While Google and China were wrestling over issues of free speech, censorship, intellectual property, global communications technology, and e-commerce, the poorest nation in the Western Hemisphere suffered a terrible blow: a magnitude 7.0 earthquake rocked Haiti near its capital, Port-au-Prince. The city, planned to house about 400,000 to 500,000 people, held approximately 3.5 million prior to the earthquake. Many lived and worked in substandard, often unsafe, buildings. Unreinforced concrete structures crumbled, other buildings collapsed, and over 200,000 people died. (More have died since due to a hurricane and cholera outbreak later in the year.)
With an adult illiteracy rate of close to 40% and inadequate infrastructure, censorship of Google searches is not an issue in Haiti. Text messages are about as much as most people have access to or have a need for. Following the earthquake, those who had a mobile phone had great need for text messaging and voice communication.
In February and March I volunteered for three shifts at a multi-agency resource center in Brooklyn for those affected by the earthquake in Haiti. Supposedly the American Red Cross volunteers were there to assist people in looking for family members on the Red Cross Family Links database, but by my first shift most people knew where their relatives were. What those family and friends in Haiti didn’t know was where they could go to get food, shelter, medical care, or other help.
These were not high-level discussions between corporate officers and government officials. The route to information here was simple, almost low-tech in some ways. Someone in Haiti called or sent a text message to a friend or relative in New York City. That person came to our resource center and visited various agencies to try to obtain help, or at least information. At our table, we looked up information about on-the-ground assistance in Haiti. (Yes, we used Google quite a lot.) A few days earlier another volunteer had discovered an online map of World Food Program (WFP) feeding sites. We downloaded a newer version, asked the Office of Emergency Management to print it for us (we had laptops but no printer), and someone from another agency found a photocopier to make more copies.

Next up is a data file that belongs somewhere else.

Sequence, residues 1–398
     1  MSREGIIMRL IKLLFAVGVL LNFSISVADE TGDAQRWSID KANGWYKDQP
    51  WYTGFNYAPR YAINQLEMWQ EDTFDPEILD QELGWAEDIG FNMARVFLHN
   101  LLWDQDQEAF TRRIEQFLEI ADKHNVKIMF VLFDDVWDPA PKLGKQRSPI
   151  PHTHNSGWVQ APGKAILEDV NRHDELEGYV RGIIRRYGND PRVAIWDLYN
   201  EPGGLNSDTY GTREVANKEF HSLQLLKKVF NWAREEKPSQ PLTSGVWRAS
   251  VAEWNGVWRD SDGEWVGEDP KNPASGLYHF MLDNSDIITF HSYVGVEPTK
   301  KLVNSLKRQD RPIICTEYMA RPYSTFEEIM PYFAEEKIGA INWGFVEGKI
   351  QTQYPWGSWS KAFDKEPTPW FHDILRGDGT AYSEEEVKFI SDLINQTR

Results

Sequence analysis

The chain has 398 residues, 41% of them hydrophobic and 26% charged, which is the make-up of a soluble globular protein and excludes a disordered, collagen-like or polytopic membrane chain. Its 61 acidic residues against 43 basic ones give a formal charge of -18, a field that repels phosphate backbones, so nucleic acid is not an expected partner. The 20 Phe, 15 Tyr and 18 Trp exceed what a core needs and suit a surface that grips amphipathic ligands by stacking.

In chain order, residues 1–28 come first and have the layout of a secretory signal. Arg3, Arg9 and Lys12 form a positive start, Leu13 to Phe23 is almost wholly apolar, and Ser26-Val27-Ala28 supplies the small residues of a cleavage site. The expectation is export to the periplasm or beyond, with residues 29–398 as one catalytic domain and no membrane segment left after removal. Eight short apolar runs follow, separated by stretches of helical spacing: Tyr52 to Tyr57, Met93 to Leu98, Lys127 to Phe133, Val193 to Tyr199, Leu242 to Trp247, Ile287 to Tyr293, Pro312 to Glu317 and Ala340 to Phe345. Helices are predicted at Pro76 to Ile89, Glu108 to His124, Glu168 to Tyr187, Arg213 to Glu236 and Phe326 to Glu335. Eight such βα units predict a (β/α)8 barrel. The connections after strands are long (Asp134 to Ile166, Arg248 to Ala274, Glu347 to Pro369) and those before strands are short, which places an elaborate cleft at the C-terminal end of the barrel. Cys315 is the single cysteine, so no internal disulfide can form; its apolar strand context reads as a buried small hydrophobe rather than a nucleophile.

We would speak with Haitian visitors about what their friends needed and where they were. Often we went to the large-scale paper map on a table in the center of the room to locate a place as precisely as possible. Then we would consult the WFP map and other information. We always cautioned visitors that things in Haiti changed often; what we had online might not be completely accurate, but we could offer some idea about which agencies were providing assistance in particular locations. “Tell your friend,” we said, “that if they have an opportunity to speak with anyone from one of the reliable relief agencies they should ask about the help they need.”
In once particular case a young woman was trying to help her cousin’s family, who had evacuated to a rural area outside Port-au-Prince. They were equidistant between two mid-size towns. Looking at the WFP map it was clear that one town had many more agencies working there than in the other, so we advised her to have her cousin go to the first town. It wasn’t much, but we felt we’d helped direct the cousin’s family to the place where they were more likely to find help. Travel was difficult and possibly dangerous; we’d saved them wasted time and effort.
Of course it’s not enough. The problems in Haiti were tremendous even before the earthquake, the result of decades of poverty and poor governance, inadequate building standards, overcrowding, and years of natural disaster (most often hurricanes and tropical storms) that seem to tear down improvements as soon as they are made. Progress has been too little, too slow, too disorganized. In particular the rebuilding of homes is far behind what it needs to be. There are some legitimate reasons for this (the enormous amount of rubble to be cleared and the difficulty in determining who owns some of the land), but the pace still needs to pick up in order to meet basic human needs.
One of the good things I’ve seen is that disaster relief has not had to rely on the major media; people with simple ICT tools are combining their effort to identify needs and provide aid. Another is the Haitian people’s use of simple text and voice communication to navigate the chaos of the past year.
On the subject of Haiti’s recovery from the devastation of last year’s earthquake, I will leave you with the trailer to what looks like a fascinating film. Please feel free to share any thoughts or links to informative media in the comments below.